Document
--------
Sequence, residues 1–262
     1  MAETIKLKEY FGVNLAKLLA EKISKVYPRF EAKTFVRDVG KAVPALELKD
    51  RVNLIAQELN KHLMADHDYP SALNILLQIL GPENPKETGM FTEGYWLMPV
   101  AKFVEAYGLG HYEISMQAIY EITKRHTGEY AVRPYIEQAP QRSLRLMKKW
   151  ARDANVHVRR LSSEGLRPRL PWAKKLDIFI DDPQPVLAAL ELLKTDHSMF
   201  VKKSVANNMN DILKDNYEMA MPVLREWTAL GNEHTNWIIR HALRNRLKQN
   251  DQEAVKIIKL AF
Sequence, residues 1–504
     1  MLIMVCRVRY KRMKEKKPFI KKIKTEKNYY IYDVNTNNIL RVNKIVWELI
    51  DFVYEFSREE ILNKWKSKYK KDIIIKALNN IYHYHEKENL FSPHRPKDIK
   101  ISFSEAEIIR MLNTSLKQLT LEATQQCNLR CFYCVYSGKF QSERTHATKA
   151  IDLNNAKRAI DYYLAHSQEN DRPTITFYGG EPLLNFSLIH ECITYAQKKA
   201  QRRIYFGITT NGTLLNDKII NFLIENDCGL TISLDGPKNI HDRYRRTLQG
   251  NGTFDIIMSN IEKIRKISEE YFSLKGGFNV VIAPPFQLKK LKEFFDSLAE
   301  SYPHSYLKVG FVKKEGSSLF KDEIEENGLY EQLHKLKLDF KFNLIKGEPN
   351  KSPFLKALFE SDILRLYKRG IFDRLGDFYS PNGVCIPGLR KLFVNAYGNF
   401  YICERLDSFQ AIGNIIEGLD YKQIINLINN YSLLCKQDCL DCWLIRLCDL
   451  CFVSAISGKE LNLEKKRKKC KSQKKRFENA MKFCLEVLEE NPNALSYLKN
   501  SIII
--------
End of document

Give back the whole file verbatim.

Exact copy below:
Sequence, residues 1–262
     1  MAETIKLKEY FGVNLAKLLA EKISKVYPRF EAKTFVRDVG KAVPALELKD
    51  RVNLIAQELN KHLMADHDYP SALNILLQIL GPENPKETGM FTEGYWLMPV
   101  AKFVEAYGLG HYEISMQAIY EITKRHTGEY AVRPYIEQAP QRSLRLMKKW
   151  ARDANVHVRR LSSEGLRPRL PWAKKLDIFI DDPQPVLAAL ELLKTDHSMF
   201  VKKSVANNMN DILKDNYEMA MPVLREWTAL GNEHTNWIIR HALRNRLKQN
   251  DQEAVKIIKL AF
Sequence, residues 1–504
     1  MLIMVCRVRY KRMKEKKPFI KKIKTEKNYY IYDVNTNNIL RVNKIVWELI
    51  DFVYEFSREE ILNKWKSKYK KDIIIKALNN IYHYHEKENL FSPHRPKDIK
   101  ISFSEAEIIR MLNTSLKQLT LEATQQCNLR CFYCVYSGKF QSERTHATKA
   151  IDLNNAKRAI DYYLAHSQEN DRPTITFYGG EPLLNFSLIH ECITYAQKKA
   201  QRRIYFGITT NGTLLNDKII NFLIENDCGL TISLDGPKNI HDRYRRTLQG
   251  NGTFDIIMSN IEKIRKISEE YFSLKGGFNV VIAPPFQLKK LKEFFDSLAE
   301  SYPHSYLKVG FVKKEGSSLF KDEIEENGLY EQLHKLKLDF KFNLIKGEPN
   351  KSPFLKALFE SDILRLYKRG IFDRLGDFYS PNGVCIPGLR KLFVNAYGNF
   401  YICERLDSFQ AIGNIIEGLD YKQIINLINN YSLLCKQDCL DCWLIRLCDL
   451  CFVSAISGKE LNLEKKRKKC KSQKKRFENA MKFCLEVLEE NPNALSYLKN
   501  SIII